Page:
US8954035B2 - Wi-Fi authentication by proxy - Google Patents

Wi-Fi authentication by proxy Download PDF

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Publication number
US8954035B2
US8954035B2 US13816419 US201213816419A US8954035B2 US 8954035 B2 US8954035 B2 US 8954035B2 US 13816419 US13816419 US 13816419 US 201213816419 A US201213816419 A US 201213816419A US 8954035 B2 US8954035 B2 US 8954035B2
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client device
device
cellular device
identifier
cellular
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US20130137402A1 (en )
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Mustafa Ergen
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Empire Technology Development LLC
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Empire Technology Development LLC
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    • HELECTRICITY
    • H04ELECTRIC COMMUNICATION TECHNIQUE
    • H04WWIRELESS COMMUNICATIONS NETWORKS
    • H04W12/00Security arrangements, e.g. access security or fraud detection; Authentication, e.g. verifying user identity or authorisation; Protecting privacy or anonymity
    • H04W12/06Authentication
    • GPHYSICS
    • G06COMPUTING; CALCULATING; COUNTING
    • G06FELECTRIC DIGITAL DATA PROCESSING
    • G06F12/00Accessing, addressing or allocating within memory systems or architectures
    • G06F12/02Addressing or allocation; Relocation
    • G06F12/06Addressing a physical block of locations, e.g. base addressing, module addressing, memory dedication
    • GPHYSICS
    • G06COMPUTING; CALCULATING; COUNTING
    • G06FELECTRIC DIGITAL DATA PROCESSING
    • G06F9/00Arrangements for program control, e.g. control units
    • HELECTRICITY
    • H04ELECTRIC COMMUNICATION TECHNIQUE
    • H04KSECRET COMMUNICATION; JAMMING OF COMMUNICATION
    • H04K1/00Secret communication
    • HELECTRICITY
    • H04ELECTRIC COMMUNICATION TECHNIQUE
    • H04LTRANSMISSION OF DIGITAL INFORMATION, e.g. TELEGRAPHIC COMMUNICATION
    • H04L63/00Network architectures or network communication protocols for network security
    • H04L63/08Network architectures or network communication protocols for network security for supporting authentication of entities communicating through a packet data network
    • H04L63/0876Network architectures or network communication protocols for network security for supporting authentication of entities communicating through a packet data network based on the identity of the terminal or configuration, e.g. MAC address, hardware or software configuration or device fingerprint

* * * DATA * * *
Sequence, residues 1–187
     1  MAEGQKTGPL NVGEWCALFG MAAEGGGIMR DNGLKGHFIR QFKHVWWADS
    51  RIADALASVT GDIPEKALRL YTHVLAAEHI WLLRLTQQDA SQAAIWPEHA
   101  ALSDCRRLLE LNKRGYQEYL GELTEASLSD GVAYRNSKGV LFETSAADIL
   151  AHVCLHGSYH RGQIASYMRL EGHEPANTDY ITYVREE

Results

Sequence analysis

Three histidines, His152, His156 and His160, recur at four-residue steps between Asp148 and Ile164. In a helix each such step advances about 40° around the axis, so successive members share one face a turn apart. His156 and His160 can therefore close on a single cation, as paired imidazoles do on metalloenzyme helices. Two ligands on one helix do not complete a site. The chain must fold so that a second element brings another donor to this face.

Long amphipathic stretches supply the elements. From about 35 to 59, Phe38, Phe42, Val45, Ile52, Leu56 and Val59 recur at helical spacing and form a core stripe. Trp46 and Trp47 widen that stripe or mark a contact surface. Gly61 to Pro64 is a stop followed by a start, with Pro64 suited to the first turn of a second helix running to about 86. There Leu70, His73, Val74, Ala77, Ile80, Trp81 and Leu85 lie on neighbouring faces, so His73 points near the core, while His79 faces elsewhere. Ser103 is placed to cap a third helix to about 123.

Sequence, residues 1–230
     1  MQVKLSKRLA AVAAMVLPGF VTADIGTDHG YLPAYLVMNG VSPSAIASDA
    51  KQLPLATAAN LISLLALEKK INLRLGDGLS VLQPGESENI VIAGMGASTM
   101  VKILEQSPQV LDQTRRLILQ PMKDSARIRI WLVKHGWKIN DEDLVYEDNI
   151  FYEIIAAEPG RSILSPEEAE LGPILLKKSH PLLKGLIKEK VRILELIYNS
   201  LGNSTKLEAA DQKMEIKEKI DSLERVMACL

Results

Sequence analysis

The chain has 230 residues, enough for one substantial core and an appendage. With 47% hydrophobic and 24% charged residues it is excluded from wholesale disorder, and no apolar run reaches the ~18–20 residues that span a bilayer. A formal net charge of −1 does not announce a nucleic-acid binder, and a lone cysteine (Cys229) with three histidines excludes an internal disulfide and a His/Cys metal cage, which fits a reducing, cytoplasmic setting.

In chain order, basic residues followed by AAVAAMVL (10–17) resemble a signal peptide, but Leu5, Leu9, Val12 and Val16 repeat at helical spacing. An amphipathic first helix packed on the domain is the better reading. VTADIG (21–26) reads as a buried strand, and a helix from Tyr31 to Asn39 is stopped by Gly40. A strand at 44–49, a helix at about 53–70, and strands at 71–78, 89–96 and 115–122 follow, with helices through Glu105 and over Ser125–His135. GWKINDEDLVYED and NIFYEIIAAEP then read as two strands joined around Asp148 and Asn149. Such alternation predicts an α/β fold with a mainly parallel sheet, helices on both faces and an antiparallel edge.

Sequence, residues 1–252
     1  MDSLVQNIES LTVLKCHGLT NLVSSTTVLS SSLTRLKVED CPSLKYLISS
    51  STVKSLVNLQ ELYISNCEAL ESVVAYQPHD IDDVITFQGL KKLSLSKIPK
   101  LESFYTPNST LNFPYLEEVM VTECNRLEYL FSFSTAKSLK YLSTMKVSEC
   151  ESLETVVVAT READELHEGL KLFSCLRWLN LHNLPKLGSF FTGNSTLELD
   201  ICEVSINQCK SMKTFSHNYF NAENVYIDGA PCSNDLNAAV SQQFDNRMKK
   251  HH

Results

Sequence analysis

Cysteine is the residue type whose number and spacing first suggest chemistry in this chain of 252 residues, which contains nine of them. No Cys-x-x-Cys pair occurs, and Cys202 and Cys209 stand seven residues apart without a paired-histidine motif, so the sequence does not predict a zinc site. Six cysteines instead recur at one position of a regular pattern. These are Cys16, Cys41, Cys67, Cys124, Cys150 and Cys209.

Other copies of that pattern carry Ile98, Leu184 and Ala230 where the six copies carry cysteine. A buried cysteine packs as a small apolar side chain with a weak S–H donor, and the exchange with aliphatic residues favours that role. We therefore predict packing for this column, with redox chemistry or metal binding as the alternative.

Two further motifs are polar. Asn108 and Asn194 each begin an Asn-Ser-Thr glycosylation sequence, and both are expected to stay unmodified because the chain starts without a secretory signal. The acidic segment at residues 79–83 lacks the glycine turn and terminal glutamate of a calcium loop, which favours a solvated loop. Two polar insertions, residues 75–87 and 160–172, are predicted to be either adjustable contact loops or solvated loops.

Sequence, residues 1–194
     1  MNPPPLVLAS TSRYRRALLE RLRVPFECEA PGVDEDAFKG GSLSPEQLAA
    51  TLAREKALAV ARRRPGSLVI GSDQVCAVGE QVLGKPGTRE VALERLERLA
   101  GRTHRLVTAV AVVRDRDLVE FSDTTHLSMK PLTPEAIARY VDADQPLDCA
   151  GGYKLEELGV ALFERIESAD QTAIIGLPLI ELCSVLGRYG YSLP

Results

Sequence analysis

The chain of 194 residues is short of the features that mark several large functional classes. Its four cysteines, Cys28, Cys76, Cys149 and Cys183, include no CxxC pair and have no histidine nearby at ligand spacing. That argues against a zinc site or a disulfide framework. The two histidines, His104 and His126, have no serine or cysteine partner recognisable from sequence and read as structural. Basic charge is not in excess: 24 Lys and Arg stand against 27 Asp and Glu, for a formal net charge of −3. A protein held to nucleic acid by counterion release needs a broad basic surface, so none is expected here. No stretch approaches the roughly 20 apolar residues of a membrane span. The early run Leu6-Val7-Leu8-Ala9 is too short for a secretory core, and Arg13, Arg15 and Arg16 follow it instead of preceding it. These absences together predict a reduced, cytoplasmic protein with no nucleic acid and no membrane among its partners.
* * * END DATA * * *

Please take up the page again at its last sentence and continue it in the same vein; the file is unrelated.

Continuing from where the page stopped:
• HELECTRICITY
    • H04ELECTRIC COMMUNICATION TECHNIQUE
    • H04WWIRELESS COMMUNICATIONS NETWORKS
    • H04W12/00Security arrangements, e.g. access security or fraud detection; Authentication, e.g. verifying user identity or authorisation; Protecting privacy or anonymity
    • H04W12/04Key management
    • HELECTRICITY
    • H04ELECTRIC COMMUNICATION TECHNIQUE
    • H04WWIRELESS COMMUNICATIONS NETWORKS
    • H04W48/00Access restriction; Network selection; Access point selection
    • H04W48/18Selecting a network or a communication service
    • HELECTRICITY
    • H04ELECTRIC COMMUNICATION TECHNIQUE
    • H04WWIRELESS COMMUNICATIONS NETWORKS
    • H04W64/00Locating users or terminals or network equipment for network management purposes, e.g. mobility management
    • HELECTRICITY
    • H04ELECTRIC COMMUNICATION TECHNIQUE
    • H04WWIRELESS COMMUNICATIONS NETWORKS
    • H04W84/00Network topologies
    • H04W84/02Hierarchically pre-organised networks, e.g. paging networks, cellular networks, WLAN [Wireless Local Area Network] or WLL [Wireless Local Loop]
    • H04W84/10Small scale networks; Flat hierarchical networks
    • H04W84/12WLAN [Wireless Local Area Networks]
    • HELECTRICITY
    • H04ELECTRIC COMMUNICATION TECHNIQUE
    • H04WWIRELESS COMMUNICATIONS NETWORKS
    • H04W88/00Devices specially adapted for wireless communication networks, e.g. terminals, base stations or access point devices
    • H04W88/02Terminal devices
    • H04W88/06Terminal devices adapted for operation in multiple networks or having at least two operational modes, e.g. multi-mode terminals

Abstract

In one example, a method may include a telecommunication service provider detecting that a cellular device is located within a transmission-receiving distance of an Internet router, determining that the cellular device is associated with a client device, transmitting stored authentication credentials for the client device to the Internet router, and the router registering the client device.

Description

RELATED APPLICATION